As it turns out, that day of “thinking it over” was more for Diane than for me. Like any good rehabber, she wanted to make sure that the bird she had rescued and cared for over the last several months would be going to a great home. Luckily for us, the folks she talked to about me and our program had only good things to say. By November 2, 2012, we agreed that the female golden eagle was ours. Now, I just had to convince the U.S. Fish and Wildlife Service (USFWS) that it was a great match, too.
I quickly added the last bits of information to the USFWS Eagle Exhibition Permit Application and reviewed it one last time. I had worked on this application for a year and a half in anticipation of getting an eagle. Finally, in early November, I dropped the eighteen-page application in the mail…and the waiting began.
After two months of agonized waiting, we finally received word on our application. I expected a reply stating that they would be finishing it soon, and that they would get back to me. Instead, the reply simply stated that our approved permit and transfer papers were attached, with hard copies to follow in the mail.
I stared in shock for a few minutes. Finally, I picked up the phone with a shaking hand and called my boss, Dr. Charles Preston, to give him the good news. He was as ecstatic as I was—possibly more so—as he’d been waiting for this moment since he began planning the Draper Natural History Museum in 1998.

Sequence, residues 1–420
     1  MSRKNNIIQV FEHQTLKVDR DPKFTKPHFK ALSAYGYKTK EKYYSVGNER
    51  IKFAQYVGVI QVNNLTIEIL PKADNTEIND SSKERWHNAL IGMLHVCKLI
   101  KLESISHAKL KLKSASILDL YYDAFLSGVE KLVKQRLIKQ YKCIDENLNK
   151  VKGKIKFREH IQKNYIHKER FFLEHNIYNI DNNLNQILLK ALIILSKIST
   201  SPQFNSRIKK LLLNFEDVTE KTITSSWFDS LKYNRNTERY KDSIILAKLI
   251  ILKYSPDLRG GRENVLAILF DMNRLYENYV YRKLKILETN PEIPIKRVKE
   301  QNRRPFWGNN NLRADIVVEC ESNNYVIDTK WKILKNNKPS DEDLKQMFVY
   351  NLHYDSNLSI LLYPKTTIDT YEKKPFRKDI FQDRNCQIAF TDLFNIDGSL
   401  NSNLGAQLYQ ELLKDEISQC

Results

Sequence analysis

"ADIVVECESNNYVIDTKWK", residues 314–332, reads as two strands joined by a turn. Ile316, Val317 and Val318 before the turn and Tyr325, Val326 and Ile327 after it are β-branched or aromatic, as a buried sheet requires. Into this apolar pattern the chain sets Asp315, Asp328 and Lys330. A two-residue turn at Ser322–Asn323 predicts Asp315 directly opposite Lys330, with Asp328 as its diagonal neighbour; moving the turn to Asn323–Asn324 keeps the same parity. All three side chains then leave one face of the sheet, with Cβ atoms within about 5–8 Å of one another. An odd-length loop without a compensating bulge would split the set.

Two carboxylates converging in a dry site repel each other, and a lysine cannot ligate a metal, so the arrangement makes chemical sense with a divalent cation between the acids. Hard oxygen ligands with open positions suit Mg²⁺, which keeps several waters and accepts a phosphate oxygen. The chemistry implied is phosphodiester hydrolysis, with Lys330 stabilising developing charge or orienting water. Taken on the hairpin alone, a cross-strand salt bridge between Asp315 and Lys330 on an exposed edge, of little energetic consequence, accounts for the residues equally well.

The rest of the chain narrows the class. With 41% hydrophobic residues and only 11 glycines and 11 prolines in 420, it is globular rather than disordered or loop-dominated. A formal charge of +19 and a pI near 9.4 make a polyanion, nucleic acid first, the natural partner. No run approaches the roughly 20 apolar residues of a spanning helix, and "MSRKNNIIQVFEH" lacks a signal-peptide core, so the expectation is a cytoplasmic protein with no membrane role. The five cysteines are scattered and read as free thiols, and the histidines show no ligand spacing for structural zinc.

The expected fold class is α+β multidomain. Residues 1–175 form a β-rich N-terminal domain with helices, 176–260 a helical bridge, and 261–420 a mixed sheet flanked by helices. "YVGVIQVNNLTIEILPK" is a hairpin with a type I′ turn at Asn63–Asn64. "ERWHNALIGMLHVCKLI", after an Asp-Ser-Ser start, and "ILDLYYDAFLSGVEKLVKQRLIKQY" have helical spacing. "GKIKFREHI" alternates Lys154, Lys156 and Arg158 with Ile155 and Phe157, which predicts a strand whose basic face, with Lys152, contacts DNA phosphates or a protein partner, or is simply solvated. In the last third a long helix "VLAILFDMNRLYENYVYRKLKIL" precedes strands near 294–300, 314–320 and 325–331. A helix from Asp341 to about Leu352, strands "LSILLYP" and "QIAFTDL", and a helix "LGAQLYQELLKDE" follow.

A couple more phone calls followed, and we had arranged to pick up our new bird on January 21, 2013. Diane was gracious enough to meet us in Buffalo, Wyoming, and give us a little more information about the bird’s journey from the wild to this point. True to her caring and protective nature, Diane made me promise to be patient and take good care of this amazing animal as she was truly something special. As she carefully moved the eagle from her vehicle to ours, Diane told Kateri, “Be patient with them, they’re only human.”
Kateri has now been with us for seven months and it has been an incredible journey. She received her beautiful and fitting name through a worldwide online contest. Her name means “child of nature” and brings to mind the first Native American saint of the same name. She is doing amazingly well in her training. Since her arrival, we have moved at her pace, never asking her to do more than she could handle or that with which she was uncomfortable. Surprisingly, she’s coming along quite quickly. She’s completely comfortable in her new home, steps onto my glove very willingly and gently, and now works with the volunteers as well.
Kateri now makes appearances in public—she is the “grand finale” of our summer programming. Like all the birds here at the Center, Kateri has a very important role as an ambassador for her species. These birds represent the power, beauty, wildness, and true spirit of the West, and although they can no longer be free, we hope that spirit is contagious and inspires everyone who sees them to take a moment to appreciate what Mother Nature has to offer.
Editor’s note: Since the original publication of this article, the Draper Museum Raptor Experience has acquired a sixth bird, Salem the American kestrel.